Day 61 of 99 Days to FASDay and we are looking at FASD and the mental health professionals that most (if not all) people with FASD will come in contact with.
A study over 10 years ago in the United States revealed while over half of pediatricians felt prepared to identify and diagnose FASD only about a third felt prepared to manage and coordinate care. Now although this study is 10 years old, I suspect the numbers are not a lot higher.
From my own experience, the health care team the maiden sees, although knows about FASD, they don’t seem to have the capacity to properly manage her mental health. Even when the pediatrician she was seeing retired there was no doctor willing to take over her practice.
It would also appear it is the case for many mental health practitioners due to the interest in a recent article by Jerrod Brown, published in Counselling Today (noted in graphic above), FASD: A guide for mental health professionals. From the article:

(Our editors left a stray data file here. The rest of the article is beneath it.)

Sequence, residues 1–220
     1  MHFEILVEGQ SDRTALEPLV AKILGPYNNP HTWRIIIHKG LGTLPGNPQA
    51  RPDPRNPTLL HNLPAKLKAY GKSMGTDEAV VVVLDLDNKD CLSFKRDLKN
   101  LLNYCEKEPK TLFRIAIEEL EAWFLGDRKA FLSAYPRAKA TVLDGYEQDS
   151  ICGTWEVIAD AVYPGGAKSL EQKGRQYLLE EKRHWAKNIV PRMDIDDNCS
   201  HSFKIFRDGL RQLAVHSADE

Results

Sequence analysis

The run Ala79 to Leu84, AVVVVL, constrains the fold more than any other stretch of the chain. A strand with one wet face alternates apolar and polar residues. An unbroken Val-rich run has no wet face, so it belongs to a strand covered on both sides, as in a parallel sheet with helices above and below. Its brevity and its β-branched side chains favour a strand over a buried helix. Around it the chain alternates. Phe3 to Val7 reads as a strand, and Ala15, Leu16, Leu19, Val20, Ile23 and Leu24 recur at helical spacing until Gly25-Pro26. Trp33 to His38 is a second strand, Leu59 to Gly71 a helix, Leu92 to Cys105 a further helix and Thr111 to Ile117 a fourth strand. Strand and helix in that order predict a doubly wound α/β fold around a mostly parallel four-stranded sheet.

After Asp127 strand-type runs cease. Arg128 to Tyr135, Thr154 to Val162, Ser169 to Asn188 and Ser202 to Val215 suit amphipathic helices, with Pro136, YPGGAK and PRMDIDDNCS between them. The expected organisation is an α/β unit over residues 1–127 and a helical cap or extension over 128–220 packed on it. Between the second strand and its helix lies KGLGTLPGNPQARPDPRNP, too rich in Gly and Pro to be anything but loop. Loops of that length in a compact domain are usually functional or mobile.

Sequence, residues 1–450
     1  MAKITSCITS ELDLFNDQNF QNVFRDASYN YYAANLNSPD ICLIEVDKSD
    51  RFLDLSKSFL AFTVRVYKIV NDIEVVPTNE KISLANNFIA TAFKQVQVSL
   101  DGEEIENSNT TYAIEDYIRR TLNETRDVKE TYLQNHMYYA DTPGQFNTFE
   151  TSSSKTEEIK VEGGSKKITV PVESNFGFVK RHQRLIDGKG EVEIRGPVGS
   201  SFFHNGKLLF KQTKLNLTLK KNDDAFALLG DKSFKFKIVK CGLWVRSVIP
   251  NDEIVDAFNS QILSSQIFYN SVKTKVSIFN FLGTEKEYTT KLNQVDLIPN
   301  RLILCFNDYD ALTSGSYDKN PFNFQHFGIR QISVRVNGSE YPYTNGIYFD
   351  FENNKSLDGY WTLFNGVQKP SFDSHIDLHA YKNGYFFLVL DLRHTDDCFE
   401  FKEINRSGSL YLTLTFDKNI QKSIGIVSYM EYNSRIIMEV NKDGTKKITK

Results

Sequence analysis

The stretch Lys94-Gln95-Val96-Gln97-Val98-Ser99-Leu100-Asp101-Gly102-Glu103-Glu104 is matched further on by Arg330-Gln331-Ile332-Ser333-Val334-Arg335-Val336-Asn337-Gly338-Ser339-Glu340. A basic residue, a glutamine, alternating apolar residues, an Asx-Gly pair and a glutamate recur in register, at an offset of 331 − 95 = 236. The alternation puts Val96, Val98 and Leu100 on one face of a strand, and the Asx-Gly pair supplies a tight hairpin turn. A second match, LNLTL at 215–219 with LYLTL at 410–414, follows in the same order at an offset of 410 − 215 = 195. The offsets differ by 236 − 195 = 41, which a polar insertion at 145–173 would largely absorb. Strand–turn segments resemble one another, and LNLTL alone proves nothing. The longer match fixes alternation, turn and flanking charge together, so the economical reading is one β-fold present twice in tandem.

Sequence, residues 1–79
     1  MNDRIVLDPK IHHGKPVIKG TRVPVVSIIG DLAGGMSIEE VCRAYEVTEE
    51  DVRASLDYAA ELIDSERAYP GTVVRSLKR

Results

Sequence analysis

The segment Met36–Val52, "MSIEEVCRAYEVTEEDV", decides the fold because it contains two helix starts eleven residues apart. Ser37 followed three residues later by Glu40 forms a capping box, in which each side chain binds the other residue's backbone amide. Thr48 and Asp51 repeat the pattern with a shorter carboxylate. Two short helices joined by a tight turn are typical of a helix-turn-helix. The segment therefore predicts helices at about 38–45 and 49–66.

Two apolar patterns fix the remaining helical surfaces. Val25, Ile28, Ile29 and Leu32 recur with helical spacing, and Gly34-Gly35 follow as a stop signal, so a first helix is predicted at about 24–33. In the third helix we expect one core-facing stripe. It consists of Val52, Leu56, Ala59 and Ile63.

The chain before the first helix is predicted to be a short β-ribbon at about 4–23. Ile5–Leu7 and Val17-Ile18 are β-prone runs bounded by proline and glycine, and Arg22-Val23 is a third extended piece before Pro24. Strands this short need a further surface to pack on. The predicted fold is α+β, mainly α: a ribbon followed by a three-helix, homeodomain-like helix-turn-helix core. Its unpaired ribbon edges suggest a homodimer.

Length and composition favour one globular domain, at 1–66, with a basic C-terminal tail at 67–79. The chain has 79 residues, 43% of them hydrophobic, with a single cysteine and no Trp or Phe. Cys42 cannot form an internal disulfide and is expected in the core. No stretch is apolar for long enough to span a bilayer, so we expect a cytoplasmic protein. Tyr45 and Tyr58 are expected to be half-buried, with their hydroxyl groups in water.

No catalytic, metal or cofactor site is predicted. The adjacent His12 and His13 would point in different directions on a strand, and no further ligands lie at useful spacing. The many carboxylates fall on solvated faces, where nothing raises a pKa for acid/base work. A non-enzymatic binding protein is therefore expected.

Unfortunately, many of these providers and professionals lack the necessary training and expertise to accurately identify and effectively treat the unique and complex symptomatology of this population. The goal of this article is to provide a basic introduction of FASD to mental health professionals in six key areas: FASD symptoms, diagnostic comorbidity, memory impairments, tips for interacting with individuals who may have FASD, screening and assessment, and treatment
It is a great article and although just touches on the complex lives of this population, it is well-written. The last few days I have used some of the information for this 99 Days series.
On a personal note: my apologies for being several days behind. The maiden turned 19 on August 1st, and while normally I should have had time to make the posts, she ended a great day by tripping coming down the stairs. The last few days have been dealing with a fractured ankle, as well as a very sick fish and cat.
Normal posting should resume after today.